The global Pharmaceutical industry has long been plagued by fears of the “patent cliff”—the looming expiration of patents on drugs accounting for about $90 billion in annual sales between 2010 and 2015.
Once patents expire, generic pharmaceutical firms typically manufacture virtually identical drugs at steeply discounted prices, and branded-version sales can fall off the proverbial “cliff.” Anticipation of these lost revenue sources has driven Pharmaceutical stocks to historically low valuations.
Exhibit 1: “Patent Cliff”—Estimated Sales of Drugs with Expiring Patents (2010-2020)
Sources: Company Filings, IMS Health Data, Fisher Investments Research. Dollar figures of drug sales as of 2009.
Exhibit 2: MSCI World Index Pharmaceutical Industry Valuations
Sources: Thomson Reuters. MSCI World Index Pharmaceutical Industry from 7/14/2003-06/14/2011.
But the patent cliff is widely known and has already depressed valuations—meaning, looking forward, it’s likely lost much of its power to impact Pharmaceutical stocks. Additionally, the focus on the patent cliff has obscured an equally important but lesser-known positive driver: positive pipeline developments—namely, New Molecular Entity (NME) approvals. An NME is a unique drug without precedent and no derivative or version of it has been approved by the FDA. These drugs have the potential to cure or treat various diseases and disorders in a novel way. Or perhaps treat a disease for which no current treatment exists. NMEs can translate into blockbuster sales and pricing power for Pharmaceutical firms.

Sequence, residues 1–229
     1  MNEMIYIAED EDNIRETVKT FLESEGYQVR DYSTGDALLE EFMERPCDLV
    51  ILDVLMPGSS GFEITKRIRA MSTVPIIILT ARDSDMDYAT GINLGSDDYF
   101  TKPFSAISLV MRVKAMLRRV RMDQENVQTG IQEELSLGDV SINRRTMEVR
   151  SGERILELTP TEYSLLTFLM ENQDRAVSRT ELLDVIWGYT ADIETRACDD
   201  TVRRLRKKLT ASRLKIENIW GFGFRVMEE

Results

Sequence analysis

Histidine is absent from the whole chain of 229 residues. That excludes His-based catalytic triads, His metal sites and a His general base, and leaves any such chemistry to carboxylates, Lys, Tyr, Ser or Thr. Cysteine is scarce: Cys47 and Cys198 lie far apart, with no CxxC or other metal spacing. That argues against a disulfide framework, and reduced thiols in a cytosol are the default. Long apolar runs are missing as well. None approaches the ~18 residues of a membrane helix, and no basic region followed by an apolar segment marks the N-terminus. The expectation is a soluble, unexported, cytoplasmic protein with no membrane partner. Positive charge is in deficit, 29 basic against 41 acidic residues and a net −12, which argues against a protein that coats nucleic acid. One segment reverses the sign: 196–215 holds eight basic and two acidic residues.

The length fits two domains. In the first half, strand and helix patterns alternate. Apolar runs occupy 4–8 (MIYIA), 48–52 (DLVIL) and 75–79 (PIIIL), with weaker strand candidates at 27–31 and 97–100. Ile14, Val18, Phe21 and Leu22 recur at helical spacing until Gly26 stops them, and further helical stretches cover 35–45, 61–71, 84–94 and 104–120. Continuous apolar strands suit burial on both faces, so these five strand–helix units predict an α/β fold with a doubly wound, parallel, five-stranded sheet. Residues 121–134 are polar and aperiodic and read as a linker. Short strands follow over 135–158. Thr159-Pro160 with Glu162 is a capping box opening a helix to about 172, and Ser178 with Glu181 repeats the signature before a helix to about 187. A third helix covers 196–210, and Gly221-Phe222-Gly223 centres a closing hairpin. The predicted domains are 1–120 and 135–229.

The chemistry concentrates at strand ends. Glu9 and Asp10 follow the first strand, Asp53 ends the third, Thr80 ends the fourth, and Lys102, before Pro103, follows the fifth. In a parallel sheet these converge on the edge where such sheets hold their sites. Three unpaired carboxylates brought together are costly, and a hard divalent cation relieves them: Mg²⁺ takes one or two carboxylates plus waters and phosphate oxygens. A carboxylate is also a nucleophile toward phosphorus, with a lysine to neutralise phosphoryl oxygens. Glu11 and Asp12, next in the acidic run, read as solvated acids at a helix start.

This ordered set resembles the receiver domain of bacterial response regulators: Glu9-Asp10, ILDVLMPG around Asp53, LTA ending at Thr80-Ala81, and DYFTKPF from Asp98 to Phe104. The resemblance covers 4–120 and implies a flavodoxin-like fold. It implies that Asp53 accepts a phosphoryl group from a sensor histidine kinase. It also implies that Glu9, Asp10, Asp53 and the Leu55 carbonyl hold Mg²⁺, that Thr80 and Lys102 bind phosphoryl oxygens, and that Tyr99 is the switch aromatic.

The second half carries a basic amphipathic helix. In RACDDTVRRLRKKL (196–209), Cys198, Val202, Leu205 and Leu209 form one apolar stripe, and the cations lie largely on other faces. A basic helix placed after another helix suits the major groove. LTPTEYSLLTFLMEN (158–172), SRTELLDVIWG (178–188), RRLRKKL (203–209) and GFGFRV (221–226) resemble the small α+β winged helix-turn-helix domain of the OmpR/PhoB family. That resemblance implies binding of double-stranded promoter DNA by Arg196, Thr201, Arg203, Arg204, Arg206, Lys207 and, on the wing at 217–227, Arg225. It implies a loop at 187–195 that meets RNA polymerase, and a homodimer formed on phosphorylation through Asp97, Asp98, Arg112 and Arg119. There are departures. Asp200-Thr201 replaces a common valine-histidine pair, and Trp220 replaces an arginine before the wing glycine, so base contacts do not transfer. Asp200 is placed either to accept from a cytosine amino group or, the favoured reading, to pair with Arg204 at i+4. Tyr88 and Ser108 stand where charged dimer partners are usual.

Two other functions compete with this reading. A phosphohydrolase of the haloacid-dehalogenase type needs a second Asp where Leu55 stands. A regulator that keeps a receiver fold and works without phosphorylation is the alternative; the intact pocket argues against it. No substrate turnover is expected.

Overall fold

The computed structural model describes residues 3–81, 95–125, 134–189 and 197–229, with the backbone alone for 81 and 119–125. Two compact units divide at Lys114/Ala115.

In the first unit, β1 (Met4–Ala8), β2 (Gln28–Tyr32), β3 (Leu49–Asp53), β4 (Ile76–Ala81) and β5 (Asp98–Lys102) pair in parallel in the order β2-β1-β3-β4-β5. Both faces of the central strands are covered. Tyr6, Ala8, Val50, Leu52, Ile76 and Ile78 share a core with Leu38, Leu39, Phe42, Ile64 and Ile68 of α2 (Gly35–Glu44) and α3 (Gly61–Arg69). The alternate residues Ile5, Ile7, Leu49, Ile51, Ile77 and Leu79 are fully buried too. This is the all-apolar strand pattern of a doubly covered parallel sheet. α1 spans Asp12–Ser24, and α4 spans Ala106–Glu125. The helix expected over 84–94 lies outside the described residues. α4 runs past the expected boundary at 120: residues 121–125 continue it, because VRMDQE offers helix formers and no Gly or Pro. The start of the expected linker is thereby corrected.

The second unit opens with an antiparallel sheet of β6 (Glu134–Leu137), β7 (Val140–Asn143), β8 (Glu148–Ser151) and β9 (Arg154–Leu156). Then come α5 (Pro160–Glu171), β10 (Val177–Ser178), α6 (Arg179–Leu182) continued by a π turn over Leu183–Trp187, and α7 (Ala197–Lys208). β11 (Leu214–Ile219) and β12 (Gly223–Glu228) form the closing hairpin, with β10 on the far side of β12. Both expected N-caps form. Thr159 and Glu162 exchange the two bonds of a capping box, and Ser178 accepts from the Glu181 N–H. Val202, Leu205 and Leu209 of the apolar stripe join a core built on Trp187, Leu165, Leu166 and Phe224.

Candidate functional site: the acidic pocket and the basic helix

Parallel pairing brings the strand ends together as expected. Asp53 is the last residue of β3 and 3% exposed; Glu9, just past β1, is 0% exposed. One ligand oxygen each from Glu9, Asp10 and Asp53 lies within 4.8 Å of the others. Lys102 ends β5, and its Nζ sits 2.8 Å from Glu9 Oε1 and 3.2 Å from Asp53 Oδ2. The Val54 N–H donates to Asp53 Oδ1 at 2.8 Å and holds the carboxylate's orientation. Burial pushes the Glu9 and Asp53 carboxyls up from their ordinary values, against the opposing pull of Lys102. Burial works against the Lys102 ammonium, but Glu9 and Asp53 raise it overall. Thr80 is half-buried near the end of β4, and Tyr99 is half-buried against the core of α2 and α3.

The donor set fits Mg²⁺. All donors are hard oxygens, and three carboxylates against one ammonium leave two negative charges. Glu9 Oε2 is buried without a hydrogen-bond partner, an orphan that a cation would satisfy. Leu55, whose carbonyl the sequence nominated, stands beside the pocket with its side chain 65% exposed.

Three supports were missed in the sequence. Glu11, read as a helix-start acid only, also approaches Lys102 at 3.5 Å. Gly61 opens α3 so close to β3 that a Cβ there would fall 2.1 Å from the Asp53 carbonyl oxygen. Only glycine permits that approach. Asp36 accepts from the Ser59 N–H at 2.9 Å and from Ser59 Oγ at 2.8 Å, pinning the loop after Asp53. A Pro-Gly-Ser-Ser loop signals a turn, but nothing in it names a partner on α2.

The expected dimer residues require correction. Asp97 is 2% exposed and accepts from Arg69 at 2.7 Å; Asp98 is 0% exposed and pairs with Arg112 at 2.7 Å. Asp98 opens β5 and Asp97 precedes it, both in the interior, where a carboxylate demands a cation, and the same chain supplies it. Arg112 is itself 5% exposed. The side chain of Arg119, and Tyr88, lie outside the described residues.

Perhaps it’s the lack of a catchy name or investors’ outsized focus on the negative, but most investors today are seemingly overlooking current trends in NME development. After several disappointing years of below-average development, 38 NMEs are on pace for approval this year—the highest total in years.
Exhibit 3: NME Approvals
Source: FDA, Fisher Investments Research. 2011 figure estimated.
While the patent cliff is a challenge the Pharmaceutical industry must navigate in the coming years, it’s important to place it in context with other drivers. This widely publicized concern eases in two years and, balanced against NME approvals, likely isn’t as large a negative as many presume, in our view. Weighing these two drivers in the Pharmaceutical industry seems to indicate a brighter outlook than valuations currently reflect.